/// </summary>
      public byte[] AllData;

      public byte[] RequestLine { get; set; }

      private void BeginWrite()
      {
         _generalStream.BeginWrite(ServerResponseBytes, 0, ServerResponseBytesLength, WriteCallback, this);
      }

      private static void ReadCallback(IAsyncResult asyncResult)
      {
         HttpSocket httpSocket;

         try
         {
            httpSocket = (HttpSocket) asyncResult.AsyncState;
         }
         catch (Exception ex)
         {
            return;
         }

         int numberOfBytesRead;
         try
         {
            numberOfBytesRead = httpSocket.EndRead(asyncResult);
         }
         catch (Exception ex)
         {
            return;
         }

         // Reading Zero Bytes
         // Many stream-oriented objects (including sockets) will signal the end of the stream by
         //    returning 0 bytes in response to a Read operation.
         //    This means that the remote side of the connection has gracefully closed the connection,
         //    and the socket should be closed.
         // The zero-length read must be treated as a special case; if it is not,
         //    the receiving code usually enters an infinite loop attempting to read more data.
         //    A zero-length read is not an error condition; 
         //    it merely means that the socket has been disconnected.
         // source: http://blog.stephencleary.com/2009/06/using-socket-as-connected-socket.html
         if (numberOfBytesRead == 0)
         {
            httpSocket.Close();
            return;
         }

         bool endBytesAreSent = true;
         if (numberOfBytesRead >= 4)
         {
            for (int i = 0; i < 4; i++)
            {
               if (httpSocket.Buffer[numberOfBytesRead - 4 + i] == EndBytes[i])
                  continue;

               endBytesAreSent = false;
               break;
            }
         }
         else
         {
            endBytesAreSent = false;
         }

         httpSocket.Buffer.AddToEndOf(ref httpSocket.AllData, numberOfBytesRead);

         if (endBytesAreSent)
         {
            var request = Encoding.UTF8.GetString(httpSocket.AllData, 0, httpSocket.AllData.Length);

            httpSocket.BeginWrite();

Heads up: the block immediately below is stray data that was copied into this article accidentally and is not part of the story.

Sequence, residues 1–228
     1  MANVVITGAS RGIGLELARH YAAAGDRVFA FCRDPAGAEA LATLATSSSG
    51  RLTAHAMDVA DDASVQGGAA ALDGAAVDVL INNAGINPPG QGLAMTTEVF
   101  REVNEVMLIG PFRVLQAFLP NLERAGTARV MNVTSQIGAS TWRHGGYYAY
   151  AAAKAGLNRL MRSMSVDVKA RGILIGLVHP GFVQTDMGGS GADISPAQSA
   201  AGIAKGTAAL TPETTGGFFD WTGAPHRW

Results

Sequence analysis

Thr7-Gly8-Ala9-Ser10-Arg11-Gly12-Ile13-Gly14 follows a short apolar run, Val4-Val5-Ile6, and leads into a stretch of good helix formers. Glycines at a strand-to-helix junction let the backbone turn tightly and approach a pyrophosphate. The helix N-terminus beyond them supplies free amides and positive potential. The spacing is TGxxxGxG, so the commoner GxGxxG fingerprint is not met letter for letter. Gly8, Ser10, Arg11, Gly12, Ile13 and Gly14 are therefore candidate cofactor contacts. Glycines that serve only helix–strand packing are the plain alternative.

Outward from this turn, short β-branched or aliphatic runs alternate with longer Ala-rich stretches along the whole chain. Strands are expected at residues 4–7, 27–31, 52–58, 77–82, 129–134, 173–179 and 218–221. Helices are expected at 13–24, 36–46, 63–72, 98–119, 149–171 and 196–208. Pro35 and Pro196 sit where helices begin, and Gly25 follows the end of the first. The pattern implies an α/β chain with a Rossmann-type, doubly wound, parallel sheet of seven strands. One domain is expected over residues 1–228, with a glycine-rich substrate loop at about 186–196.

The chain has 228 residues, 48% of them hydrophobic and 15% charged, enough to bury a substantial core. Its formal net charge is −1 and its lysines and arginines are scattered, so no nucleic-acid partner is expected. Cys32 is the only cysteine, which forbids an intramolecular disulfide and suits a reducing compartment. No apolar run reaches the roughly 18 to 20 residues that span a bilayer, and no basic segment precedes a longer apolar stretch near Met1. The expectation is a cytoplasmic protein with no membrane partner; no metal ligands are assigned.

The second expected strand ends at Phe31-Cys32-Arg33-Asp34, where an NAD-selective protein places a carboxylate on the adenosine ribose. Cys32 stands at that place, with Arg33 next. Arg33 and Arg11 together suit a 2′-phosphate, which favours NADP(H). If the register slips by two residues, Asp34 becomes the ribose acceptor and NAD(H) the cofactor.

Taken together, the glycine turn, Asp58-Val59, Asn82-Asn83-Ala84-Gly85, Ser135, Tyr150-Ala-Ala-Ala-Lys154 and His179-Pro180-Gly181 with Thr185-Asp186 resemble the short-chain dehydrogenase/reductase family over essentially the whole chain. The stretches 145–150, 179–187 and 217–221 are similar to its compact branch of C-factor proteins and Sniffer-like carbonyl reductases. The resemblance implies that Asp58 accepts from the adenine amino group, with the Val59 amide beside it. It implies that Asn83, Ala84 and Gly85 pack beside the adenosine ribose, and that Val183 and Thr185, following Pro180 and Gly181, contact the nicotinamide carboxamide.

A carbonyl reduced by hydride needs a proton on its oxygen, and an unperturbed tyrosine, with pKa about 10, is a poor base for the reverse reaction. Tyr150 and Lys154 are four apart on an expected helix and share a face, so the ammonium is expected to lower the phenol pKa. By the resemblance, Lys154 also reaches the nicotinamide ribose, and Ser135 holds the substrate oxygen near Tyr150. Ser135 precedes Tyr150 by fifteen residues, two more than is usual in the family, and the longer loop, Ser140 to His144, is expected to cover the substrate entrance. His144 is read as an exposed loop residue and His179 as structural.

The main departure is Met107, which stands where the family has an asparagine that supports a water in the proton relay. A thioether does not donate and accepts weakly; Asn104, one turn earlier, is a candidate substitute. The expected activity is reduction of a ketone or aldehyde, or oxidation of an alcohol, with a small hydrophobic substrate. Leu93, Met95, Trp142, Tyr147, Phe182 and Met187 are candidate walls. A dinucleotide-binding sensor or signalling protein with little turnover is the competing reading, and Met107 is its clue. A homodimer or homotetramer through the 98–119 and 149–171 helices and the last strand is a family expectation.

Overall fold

}
         else
         {
            httpSocket.BeginRead();
         }
      }

      private static void WriteCallback(IAsyncResult asyncResult)
      {
         var socketWrapper = (HttpSocket) asyncResult.AsyncState; 
         socketWrapper.EndWrite(asyncResult);

         socketWrapper.AllData = new byte[0];
         socketWrapper.RequestLine = new byte[0];
         socketWrapper.Buffer = new byte[1024];

         socketWrapper.BeginRead();
      }

      private int EndRead(IAsyncResult asyncResult)
      {
         return _generalStream.EndRead(asyncResult);
      }
   }
}

This workersocket reads all bytes the clients sends, and then returns an empty http response with status code 200.


How to test

If you run the code, and point your browser to http://127.0.0.1:8099 you can see the browser loading for a short while, and then see an empty screen. If you check with the developer tools of your browser, you can see that it makes a call to the TCP Server that we created, and that it get's a http status code 200.

zondag 18 december 2016

Yxorp.Net available at Nuget.org

I just released Yxorp.Net as a Nuget package. See here: https://www.nuget.org/packages/Yxorp.Net

The source is also available at: https://github.com/EdoVanAsseldonk/yxorp.net

More details and info about writing a high performant reverse proxy in C# can be found here: https://edo-van-asseldonk.blogspot.nl/2016/12/tcp-server-in-c.html

zondag 4 december 2016

TCP Server in C#

How to write a TCP Server in C#

What is the most performant way to implement a TCP server in C#? While trying to find an example of a http server in C# I came across this example:
https://msdn.microsoft.com/en-us/library/fx6588te(v=vs.110).aspx

Although is looks pretty good, it lacks a few details:

It can't be stopped in a decent way
It can't be run as a windows service
It doesn't show which exceptions to catch

This is part one of a serie about implementing a decent tcp server through sockets.

Part two can be found here.



Parts of a TCP Server

A TCP server based on sockets in C# is actually pretty simple. It consists of two parts:

A listener, this is a socket that listens for client connections
A handler, this is a socket that handles the communication with the client from the moment the connection is made.

For both parts the Socket class is used. The socket class examples however show the synchronous way of sending and receiving data. While that is fine for an example, it's not the preferred way of writing a scalable, high performant TCP Server. In that case, the asynchronous methods beginXXX must be used. So how does asynchronous communication with sockets work?


How does it work?

Start the listener

First let's start a socket that listens for new connections.



In the BeginAccept method a callback method has to be set. This callback method will be called whenever a new client starts a new connection with the ser.


A client connects to the server

When a client connects to the server, the callback will be triggered.



In the callback a new socket will be made which handles all communication with the client, so the Listener socket will be free for accepting new connections.


Server starts receiving data


The clientsocket calls BeginReceive to asynchronously receive the data.




Restart listening for new connections

On the listenersocket BeginAccept has to be called again, to restart listening for new connections.



This allows new clients to connect. For each new connection, a ClientSocket will be created.






This concludes the overview. In part two the TCP Server will be implemented.